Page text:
Tag Archives: Detroit Tigers

“How I Win” Germany Schafer

14 Jun

As part of a series of syndicated articles which asked some of baseball’s biggest stars to talk about “How I Win,” Joseph B. Bowles, a Chicago journalist, interviewed Herman “Germany” Schaefer before the 1910 season.

germany

Germany Schaefer

“Work hard and think hard, and keep working and thinking all the time, whether you are winning or losing, is the way to win in baseball.  I have been with losers and been with winners, and my system of losing is the same as that of winning.

“People have an idea baseball players are some special make of men.  The fact is that hard work and steady practice is what makes one man better than another in the game, provided they start with equal strength, health and speed, and have determination and grit and no strain or streak of yellow.

“Anyone who is timid, who gives up quickly or lacks gameness never can become a winning player.”

Germany Schaefer

Schaefer

Schaefer said when he played with the Tigers, the players had a code of honor about their individual “gameness;”

 “We had a test with the Detroit team that proved good.  Every man in the team was supposed to take chances in preventing the other players from running.  In blocking runners or in sliding a player voluntarily risks getting hurt and it was a point of honor with the players not to whimper if they got cut or bruised.  The ones that complained did not last long.”

Schaefer said keeping his head in the game and self-confidence were his best attributes:

“I think my best success as a player has been in keeping thinking all the time, both at bat and in the field and in trying to keep the spirit of the team up when we seemed licked.

“When I was a boy I played on a team in Chicago that lost 14 games and won two, and after every game, I had a battle with anyone who said our team wasn’t the best. I guess that is what makes winners, never knowing when they are beaten.

“I think the way I have won (which is too seldom) has been by hard work and studying the game all the time, taking advantage of every new thing that comes up.  When I was in the minor leagues I must have been a bad ballplayer, as several clubs released me, but I never thought so, and kept up both ambition and confidence.  If a fellow loses either of these I think he is gone, and I would rather lose a foot than either.

“I try to keep in condition, to be there every day, and work hard and keep fighting until the last man is out, and then go back at them just as hard the next day.  If there is any other way of winning I don’t know it.  I have found that the coolness and ability to keep my head in exciting situations helps a lot to win, especially if the other fellows get excited.  The cool-headed player may make a play that will turn the whole game, just when the excited team has its best opportunity to win.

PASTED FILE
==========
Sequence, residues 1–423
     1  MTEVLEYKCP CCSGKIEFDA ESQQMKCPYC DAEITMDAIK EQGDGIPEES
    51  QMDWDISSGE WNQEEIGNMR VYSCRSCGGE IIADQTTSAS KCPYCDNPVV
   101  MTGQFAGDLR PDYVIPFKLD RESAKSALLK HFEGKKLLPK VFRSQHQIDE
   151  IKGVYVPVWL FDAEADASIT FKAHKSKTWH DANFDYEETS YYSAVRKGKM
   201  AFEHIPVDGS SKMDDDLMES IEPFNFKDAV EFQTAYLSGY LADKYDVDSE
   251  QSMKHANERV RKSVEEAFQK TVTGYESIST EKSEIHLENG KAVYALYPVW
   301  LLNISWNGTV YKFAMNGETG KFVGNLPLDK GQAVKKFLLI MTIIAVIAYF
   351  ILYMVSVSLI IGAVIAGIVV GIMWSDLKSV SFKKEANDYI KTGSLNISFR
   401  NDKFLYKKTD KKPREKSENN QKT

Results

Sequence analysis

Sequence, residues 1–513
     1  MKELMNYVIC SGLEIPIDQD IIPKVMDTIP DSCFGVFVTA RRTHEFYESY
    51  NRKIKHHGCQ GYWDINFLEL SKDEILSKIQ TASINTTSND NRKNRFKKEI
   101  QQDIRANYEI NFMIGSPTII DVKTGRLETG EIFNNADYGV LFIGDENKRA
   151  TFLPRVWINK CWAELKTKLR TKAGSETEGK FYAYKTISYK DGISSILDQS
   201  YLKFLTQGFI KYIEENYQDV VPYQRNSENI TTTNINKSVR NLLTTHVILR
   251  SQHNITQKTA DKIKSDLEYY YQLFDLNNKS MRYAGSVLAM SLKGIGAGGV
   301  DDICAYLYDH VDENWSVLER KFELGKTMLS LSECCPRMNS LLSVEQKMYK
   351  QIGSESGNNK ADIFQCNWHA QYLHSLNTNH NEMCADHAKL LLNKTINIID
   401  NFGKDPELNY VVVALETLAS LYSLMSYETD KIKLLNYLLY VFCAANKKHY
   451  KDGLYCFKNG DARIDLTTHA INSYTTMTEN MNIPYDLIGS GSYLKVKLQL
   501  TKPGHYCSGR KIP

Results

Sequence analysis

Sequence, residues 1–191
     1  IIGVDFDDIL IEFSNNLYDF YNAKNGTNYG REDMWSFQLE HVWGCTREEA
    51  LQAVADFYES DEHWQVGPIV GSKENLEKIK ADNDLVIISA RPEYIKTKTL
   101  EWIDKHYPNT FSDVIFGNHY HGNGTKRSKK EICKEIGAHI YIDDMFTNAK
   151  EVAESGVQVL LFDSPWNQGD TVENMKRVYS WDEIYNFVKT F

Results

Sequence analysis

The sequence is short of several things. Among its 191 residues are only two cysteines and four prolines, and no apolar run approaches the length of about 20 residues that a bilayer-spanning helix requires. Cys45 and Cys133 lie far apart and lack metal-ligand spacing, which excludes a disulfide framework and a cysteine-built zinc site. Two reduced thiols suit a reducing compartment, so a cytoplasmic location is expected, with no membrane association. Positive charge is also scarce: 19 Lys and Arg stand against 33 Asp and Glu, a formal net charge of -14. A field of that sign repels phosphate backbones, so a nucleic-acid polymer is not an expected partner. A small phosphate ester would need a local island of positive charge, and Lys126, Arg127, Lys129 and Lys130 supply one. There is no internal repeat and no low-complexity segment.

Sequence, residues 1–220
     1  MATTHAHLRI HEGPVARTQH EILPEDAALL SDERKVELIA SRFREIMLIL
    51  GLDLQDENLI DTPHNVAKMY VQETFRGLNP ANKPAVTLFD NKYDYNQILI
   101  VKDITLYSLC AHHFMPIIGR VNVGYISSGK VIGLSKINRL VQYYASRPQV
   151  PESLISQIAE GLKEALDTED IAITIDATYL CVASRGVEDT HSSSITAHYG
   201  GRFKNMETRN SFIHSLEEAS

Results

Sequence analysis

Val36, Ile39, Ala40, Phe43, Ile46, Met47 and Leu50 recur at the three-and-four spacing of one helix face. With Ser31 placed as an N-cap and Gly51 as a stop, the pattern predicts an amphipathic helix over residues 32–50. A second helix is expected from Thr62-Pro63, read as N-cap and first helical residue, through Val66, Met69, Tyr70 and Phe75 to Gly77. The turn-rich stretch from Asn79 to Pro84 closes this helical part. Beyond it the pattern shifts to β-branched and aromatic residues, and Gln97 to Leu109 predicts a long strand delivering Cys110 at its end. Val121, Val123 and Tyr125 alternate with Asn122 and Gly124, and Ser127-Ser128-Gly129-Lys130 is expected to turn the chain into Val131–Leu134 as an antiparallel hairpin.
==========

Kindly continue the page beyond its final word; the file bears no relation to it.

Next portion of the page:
“I’d rather be a good loser than a bad winner, and win or lose; I believe a fellow ought to come out of every game feeling he has done his best.  If he feels that way all the roasting the crowd can give don’t hurt.”

One Minute Talk: Hooks Dauss

14 Oct

In 1916, The Newspaper Enterprise Association ran a series of brief articles called “One Minute Talks with Ballplayers.”

George “Hooks” Dauss, Detroit Tigers pitcher, told the story of a teammate’s misfortune:

dauss

“Catchers are often put on the pan for mistakes which cost their teams ballgames but there are times when the mistakes are unavoidable.”

Dauss said his teammate Raymond “Red” McKee had made an “unavoidable” mistake recently that cost Detroit a game against the Cleveland Indians.

(Ray) Chapman was on first base, one out and (Elmer) Smith at bat at the time. Chapman made a bluff to steal and McKee tore off his mask to see better where he was throwing. In doing so he hit one eye with the mask and temporarily blinded himself.

“McKee made a perfect peg, had anyone been covering second, but as Chapman didn’t go down no one was there and the ball sailed out to center field.”

“A little thing like a Presidential Campaign…is Ridiculous to Contemplate”

3 Oct

Frederick R. Toombs wrote and edited books about hockey, wrestling, and the origins of “court games, and was also a novelist and spent the first decade of the 20th Century writing syndicated articles about sports and politics.

Less than a month before the 1908 presidential election, he wrote:

“When a wave of baseball frenzy sweeps over the United States, the most momentous affairs of life and state speedily are thrusted aside.  Nothing must stand in the way of the American citizen who hungers to hear the resounding crack of a home run hit.  A little thing like a presidential campaign in this greatest of all baseball years is ridiculous to contemplate.  Many a big league game in this record breaking year has been attended by upward of 35,000 people.  Who ever heard of a presidential candidate drawing such an audience?”